Mary Louise Gorman Gives Back

Libraries have touched so many lives, and those lives should give back.”
— Mary Louise Gorman, supporter of the Louisville Free Public Library

ML grew up in a small town of about 25,000 people and one Carnegie Library—except, she explains, “it wasn’t called a Carnegie Library.” Instead, it was named for Alexander Mitchell, a friend and colleague of Andrew Carnegie. It is Mitchell’s name that Aberdeen, South Dakota, residents associate with their beloved library. That library was ML’s lifeline growing up during the Depression and the Dust Bowl, and during the long Midwestern winters. “People couldn’t go outside, so they went to the library,” she recalls. ML also remembers the limited selection of children’s books, so she often settled for books written for adults. Today, she is amazed at the resources available to LFPL patrons, especially children. “My granddaughter can go to the library, and there is a never-ending supply of books just for her!”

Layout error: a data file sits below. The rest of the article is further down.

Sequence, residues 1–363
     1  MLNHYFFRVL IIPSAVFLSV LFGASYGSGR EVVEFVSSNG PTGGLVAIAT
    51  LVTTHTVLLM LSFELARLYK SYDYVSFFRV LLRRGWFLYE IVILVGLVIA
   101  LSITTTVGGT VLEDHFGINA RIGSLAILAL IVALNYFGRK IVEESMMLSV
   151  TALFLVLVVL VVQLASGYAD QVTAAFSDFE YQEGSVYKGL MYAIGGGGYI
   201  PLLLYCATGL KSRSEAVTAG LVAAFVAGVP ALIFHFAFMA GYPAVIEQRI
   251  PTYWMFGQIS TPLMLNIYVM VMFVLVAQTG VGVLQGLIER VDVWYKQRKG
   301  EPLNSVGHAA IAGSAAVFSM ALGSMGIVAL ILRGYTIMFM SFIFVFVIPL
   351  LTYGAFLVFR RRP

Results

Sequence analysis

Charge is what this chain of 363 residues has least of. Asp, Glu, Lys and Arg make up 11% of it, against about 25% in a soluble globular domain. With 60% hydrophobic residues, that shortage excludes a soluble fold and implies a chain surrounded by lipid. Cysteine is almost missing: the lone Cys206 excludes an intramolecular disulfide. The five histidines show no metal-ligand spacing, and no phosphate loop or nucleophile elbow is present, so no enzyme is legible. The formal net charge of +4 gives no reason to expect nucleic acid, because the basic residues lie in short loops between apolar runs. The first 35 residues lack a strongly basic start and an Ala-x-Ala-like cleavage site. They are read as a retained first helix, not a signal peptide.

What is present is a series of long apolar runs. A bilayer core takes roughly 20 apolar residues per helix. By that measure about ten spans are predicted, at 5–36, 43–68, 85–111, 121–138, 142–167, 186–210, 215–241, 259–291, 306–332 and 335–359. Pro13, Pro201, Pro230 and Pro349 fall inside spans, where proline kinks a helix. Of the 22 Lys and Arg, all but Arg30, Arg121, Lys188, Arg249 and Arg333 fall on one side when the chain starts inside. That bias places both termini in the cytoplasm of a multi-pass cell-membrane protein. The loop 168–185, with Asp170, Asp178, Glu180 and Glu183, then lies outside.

ML also finds the availability of computers gratifying. She notes that there are computers accessible to everyone. “Some people don’t have access to technology at home—the library provides that access.”

Asked why she chose to include the Louisville Free Public Library in her estate plans, ML says simply, “I’m obligated, in the best way, to support the institutions that have helped me."


To learn more about how you can support the Louisville Free Public Library by giving back
through your estate, click here.

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To open or download a print-read pdf, click here.